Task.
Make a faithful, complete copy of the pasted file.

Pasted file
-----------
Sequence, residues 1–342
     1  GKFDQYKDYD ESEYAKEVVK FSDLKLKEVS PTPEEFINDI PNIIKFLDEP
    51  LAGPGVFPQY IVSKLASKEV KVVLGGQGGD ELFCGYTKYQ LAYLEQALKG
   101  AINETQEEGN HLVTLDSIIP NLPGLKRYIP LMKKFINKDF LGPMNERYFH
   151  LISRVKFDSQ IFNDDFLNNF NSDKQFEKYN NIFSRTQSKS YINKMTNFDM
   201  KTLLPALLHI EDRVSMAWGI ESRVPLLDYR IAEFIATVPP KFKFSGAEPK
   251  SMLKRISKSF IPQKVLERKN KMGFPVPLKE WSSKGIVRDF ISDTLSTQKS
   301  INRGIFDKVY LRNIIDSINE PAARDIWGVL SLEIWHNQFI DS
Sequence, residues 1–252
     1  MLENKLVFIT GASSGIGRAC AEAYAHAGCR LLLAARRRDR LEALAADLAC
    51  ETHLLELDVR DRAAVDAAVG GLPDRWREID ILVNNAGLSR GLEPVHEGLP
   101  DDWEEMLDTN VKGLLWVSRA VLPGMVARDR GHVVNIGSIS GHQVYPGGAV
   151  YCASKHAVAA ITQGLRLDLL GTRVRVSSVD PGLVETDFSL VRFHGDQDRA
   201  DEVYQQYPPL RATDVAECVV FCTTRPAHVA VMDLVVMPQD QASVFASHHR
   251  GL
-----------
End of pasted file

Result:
Sequence, residues 1–342
     1  GKFDQYKDYD ESEYAKEVVK FSDLKLKEVS PTPEEFINDI PNIIKFLDEP
    51  LAGPGVFPQY IVSKLASKEV KVVLGGQGGD ELFCGYTKYQ LAYLEQALKG
   101  AINETQEEGN HLVTLDSIIP NLPGLKRYIP LMKKFINKDF LGPMNERYFH
   151  LISRVKFDSQ IFNDDFLNNF NSDKQFEKYN NIFSRTQSKS YINKMTNFDM
   201  KTLLPALLHI EDRVSMAWGI ESRVPLLDYR IAEFIATVPP KFKFSGAEPK
   251  SMLKRISKSF IPQKVLERKN KMGFPVPLKE WSSKGIVRDF ISDTLSTQKS
   301  INRGIFDKVY LRNIIDSINE PAARDIWGVL SLEIWHNQFI DS
Sequence, residues 1–252
     1  MLENKLVFIT GASSGIGRAC AEAYAHAGCR LLLAARRRDR LEALAADLAC
    51  ETHLLELDVR DRAAVDAAVG GLPDRWREID ILVNNAGLSR GLEPVHEGLP
   101  DDWEEMLDTN VKGLLWVSRA VLPGMVARDR GHVVNIGSIS GHQVYPGGAV
   151  YCASKHAVAA ITQGLRLDLL GTRVRVSSVD PGLVETDFSL VRFHGDQDRA
   201  DEVYQQYPPL RATDVAECVV FCTTRPAHVA VMDLVVMPQD QASVFASHHR
   251  GL